A federal judge on Friday sentenced Jackie Hudson to 2 1/2 years, Ardeth Platte to almost 3 1/2 years and Carol Gilbert to two years and nine months. All three were given three years of supervised probation.
U.S. District Judge Robert Blackburn departed from sentencing guidelines Friday in punishing the women. While the maximum term is 30 years, the guidelines call for a six-year minimum term.
"We're satisfied," prosecutor Robert Brown said.
Hudson, 68, Gilbert, 55, and Platte, 66, were convicted in April of obstructing the nation's defense and damaging government property after cutting a fence and walking onto a Minuteman III silo site, swinging hammers and using their blood to paint a cross on the structure.
Officials said the women caused at least $1,000 in damage.
Hudson's lawyer, Walter Gerash, said he wasn't happy the women were going to prison but was surprised the term wasn't longer. The nuns had until August 25 to report to prison but chose to go immediately.
During the hearing, Brown enumerated the arrests of the Roman Catholic nuns at earlier anti-war protests: Platte, at least 10 times, Hudson five times and Gilbert, at least 13 times.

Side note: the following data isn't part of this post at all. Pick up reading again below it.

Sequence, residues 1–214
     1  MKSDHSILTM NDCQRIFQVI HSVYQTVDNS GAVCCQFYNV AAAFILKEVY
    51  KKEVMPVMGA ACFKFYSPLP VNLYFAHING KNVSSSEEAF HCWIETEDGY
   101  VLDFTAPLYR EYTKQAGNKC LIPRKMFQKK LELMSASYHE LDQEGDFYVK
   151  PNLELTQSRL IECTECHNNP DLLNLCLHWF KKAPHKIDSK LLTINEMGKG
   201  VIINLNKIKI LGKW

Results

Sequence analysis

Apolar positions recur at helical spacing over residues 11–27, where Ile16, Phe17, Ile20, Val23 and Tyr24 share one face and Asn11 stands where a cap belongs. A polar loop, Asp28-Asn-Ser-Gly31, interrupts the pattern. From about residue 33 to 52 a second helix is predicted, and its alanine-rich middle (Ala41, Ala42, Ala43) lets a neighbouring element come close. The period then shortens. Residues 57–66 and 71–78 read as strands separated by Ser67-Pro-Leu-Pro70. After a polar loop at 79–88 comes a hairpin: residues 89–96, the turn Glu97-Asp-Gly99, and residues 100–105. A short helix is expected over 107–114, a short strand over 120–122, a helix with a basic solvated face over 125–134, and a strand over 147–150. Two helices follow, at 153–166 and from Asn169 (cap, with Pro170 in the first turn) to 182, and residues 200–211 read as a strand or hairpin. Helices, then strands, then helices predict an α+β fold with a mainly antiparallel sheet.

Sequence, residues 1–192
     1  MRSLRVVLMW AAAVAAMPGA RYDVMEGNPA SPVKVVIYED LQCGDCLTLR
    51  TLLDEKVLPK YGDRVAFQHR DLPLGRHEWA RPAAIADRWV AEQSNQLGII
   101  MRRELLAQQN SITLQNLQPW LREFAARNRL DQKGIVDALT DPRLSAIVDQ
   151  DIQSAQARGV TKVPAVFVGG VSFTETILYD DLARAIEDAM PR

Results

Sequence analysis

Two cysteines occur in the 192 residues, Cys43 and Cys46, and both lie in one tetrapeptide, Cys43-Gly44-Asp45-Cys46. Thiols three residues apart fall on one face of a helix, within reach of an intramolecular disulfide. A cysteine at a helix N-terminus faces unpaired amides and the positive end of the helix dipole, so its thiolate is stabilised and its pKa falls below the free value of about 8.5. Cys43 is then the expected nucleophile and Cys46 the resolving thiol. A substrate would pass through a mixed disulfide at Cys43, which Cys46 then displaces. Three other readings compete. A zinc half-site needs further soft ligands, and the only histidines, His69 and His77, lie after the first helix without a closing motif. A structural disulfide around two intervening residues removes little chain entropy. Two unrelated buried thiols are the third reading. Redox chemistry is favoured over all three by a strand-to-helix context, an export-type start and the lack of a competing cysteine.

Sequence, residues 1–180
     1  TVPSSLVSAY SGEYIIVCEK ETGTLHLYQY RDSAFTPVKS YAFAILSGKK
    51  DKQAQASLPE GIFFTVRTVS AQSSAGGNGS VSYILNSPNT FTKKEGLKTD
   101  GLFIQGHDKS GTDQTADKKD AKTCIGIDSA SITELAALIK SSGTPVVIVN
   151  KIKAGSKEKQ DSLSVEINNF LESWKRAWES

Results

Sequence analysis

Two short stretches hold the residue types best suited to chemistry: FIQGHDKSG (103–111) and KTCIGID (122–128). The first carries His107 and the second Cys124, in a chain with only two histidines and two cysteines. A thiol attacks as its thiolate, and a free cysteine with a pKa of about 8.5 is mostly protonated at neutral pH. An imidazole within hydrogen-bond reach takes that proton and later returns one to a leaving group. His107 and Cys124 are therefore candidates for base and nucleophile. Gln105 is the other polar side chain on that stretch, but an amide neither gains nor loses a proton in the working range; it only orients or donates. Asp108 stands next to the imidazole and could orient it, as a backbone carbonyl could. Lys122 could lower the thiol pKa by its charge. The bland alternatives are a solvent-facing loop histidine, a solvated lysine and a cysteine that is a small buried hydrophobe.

"These ladies could not be deterred for the last 20 years. They will be deterred for the time the court sentences them," Brown said.
The case drew international attention to the three Dominican Sisters. An adjoining courtroom was packed with supporters listening to the proceedings on a speaker. The three women, dressed in black, took notes during the hearing and occasionally swung their seats around to smile at well-wishers in the audience.
They said nothing during the hearing. Earlier, they defiantly told a crowd of 150 supporters outside the courthouse they were not afraid of prison.
"The hope of the world rests on each of our shoulders," Hudson said. "We are doing our part. What about you?"
The three nuns were arrested October 6 at the silo on Colorado's northeastern plains. Wearing white chemical weapons suits, they argued it was a symbolic disarmament that did not jeopardize national security.
The nuns said they were compelled to act as war with Iraq moved closer and because the United States has never promised not to use nuclear weapons.
Many of the nuns' supporters waved anti-war banners before the sentencing, including Irina Zadov, 19, of Boulder. "To see people of their age sacrificing as much as they have is so inspirational," she said.